Colorado Springs Utilities took full control Monday of the NeuStream scrubber system used to remove sulfur dioxide emissions from the coal-fired Martin Drake Power Plant.
Neumann Systems Group Inc., which designed the system, had been completing installation and testing of the scrubbers.
Now, with new federal SO2 emissions standards kicking into gear in December 2017, Utilities workers will test the scrubber system in Drake Units 6 and 7 "to optimize performance," Utilities announced in a news release.
Neumann won a controversial single-bid contract for the SO2-reduction project in 2011.
Earlier this year, repeated tests on Unit 7 showed the capture of sulfur dioxide at more than 97 percent, with the first test removing 98.6 percent, said Dan Higgins, then interim energy supply manager.
Now the scrubbers are fully installed and working on both Units 6 and 7, and the SO2 that is removed is being turned into gypsum, which is stored near the Clear Spring Ranch Solar Array south of the city. Eventually, Utilities hopes to sell the gypsum, said spokeswoman Amy Trinidad.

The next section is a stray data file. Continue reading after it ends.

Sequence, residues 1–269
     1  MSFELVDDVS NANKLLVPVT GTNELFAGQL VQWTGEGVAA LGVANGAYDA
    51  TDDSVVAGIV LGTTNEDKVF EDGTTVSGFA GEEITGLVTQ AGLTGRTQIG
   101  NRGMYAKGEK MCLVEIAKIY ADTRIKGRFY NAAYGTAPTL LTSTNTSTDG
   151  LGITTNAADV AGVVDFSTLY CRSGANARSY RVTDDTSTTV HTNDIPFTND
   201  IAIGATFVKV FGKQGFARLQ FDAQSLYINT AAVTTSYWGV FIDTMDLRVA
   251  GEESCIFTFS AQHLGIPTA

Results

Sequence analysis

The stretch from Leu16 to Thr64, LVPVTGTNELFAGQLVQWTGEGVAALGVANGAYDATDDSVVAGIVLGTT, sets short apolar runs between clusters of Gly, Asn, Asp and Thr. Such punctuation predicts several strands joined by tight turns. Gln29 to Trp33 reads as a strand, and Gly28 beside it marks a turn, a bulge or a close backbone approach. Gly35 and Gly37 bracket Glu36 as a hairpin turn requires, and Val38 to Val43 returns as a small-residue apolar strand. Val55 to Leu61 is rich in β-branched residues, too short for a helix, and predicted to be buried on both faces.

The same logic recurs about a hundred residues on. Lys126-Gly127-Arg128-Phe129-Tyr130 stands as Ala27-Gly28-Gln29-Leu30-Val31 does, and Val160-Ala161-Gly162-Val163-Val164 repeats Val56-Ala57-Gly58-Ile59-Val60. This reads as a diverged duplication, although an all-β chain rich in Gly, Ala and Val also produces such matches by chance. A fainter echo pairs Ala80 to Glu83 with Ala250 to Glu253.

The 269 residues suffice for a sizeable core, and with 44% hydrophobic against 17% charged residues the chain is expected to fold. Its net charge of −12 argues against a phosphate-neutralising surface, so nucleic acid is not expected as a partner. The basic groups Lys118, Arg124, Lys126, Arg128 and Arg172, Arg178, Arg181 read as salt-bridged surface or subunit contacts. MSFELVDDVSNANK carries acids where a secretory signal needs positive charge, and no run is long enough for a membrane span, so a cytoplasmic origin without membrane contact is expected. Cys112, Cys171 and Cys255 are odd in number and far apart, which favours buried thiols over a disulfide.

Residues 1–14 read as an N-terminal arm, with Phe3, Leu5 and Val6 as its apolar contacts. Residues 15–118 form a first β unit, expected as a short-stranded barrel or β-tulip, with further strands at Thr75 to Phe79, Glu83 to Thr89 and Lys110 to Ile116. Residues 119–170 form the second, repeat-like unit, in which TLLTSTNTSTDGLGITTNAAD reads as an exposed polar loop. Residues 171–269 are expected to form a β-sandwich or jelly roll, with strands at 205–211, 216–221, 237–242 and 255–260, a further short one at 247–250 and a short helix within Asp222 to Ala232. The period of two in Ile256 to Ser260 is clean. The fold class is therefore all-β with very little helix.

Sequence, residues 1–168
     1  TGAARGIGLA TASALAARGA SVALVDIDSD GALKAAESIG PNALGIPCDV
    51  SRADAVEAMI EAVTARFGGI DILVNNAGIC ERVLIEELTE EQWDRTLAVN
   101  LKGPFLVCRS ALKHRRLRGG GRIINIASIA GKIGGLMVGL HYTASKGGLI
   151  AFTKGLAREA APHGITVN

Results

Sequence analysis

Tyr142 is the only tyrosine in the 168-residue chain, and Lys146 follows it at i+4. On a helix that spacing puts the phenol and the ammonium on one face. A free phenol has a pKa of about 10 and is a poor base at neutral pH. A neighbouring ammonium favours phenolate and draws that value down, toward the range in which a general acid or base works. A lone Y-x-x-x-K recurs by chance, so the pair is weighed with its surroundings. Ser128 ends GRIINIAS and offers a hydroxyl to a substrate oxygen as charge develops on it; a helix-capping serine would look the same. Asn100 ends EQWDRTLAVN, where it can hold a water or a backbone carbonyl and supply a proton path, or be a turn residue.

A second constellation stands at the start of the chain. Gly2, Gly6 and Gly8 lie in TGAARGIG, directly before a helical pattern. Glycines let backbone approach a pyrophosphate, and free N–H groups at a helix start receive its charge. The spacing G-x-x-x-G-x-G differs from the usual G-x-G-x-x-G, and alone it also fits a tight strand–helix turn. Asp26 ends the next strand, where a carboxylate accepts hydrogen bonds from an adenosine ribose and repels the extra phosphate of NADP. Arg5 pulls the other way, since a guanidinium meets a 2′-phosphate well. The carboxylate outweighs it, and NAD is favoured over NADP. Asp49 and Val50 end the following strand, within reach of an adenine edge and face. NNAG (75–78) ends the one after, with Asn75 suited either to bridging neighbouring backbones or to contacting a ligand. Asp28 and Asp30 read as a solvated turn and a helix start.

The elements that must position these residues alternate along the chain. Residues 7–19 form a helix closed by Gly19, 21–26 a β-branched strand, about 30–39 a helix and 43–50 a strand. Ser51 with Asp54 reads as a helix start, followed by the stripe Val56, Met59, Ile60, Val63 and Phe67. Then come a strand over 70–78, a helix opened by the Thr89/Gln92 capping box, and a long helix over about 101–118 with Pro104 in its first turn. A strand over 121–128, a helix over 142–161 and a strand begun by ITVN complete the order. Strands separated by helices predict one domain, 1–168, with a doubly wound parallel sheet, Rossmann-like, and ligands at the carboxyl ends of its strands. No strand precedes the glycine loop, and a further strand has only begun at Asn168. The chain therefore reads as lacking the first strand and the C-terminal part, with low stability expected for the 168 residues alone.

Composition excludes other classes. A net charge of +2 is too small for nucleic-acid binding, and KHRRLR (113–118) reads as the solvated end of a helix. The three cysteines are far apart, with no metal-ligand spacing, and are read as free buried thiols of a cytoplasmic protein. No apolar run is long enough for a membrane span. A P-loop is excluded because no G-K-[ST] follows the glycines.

The system's reported efficiency comes with a higher price tag than expected, however. Originally estimated to cost $111.8 million, the scrubber system's cost reached more than $178 million earlier this year, according to Utilities records obtained through a Colorado Open Records Act request.
That prompted a notice of a lawsuit against Utilities and the city, revealed last week, by downtown attorneys Robert J. Frank and Perry R. Sanders Jr. representing clean air activist Nicole Rosa.
They cited cost increases and consultant studies that "clearly indicate that conventional dry scrubber technologies" could have been used at Drake, a fact that "invalidates the 2011 sole source jurisdiction" used rather than competitive contract bidding.
But Higgins and others have said the NeuStream scrubber system developed by local physicist David Neumann is the best technology and least expensive option to eradicate the SO2 emissions.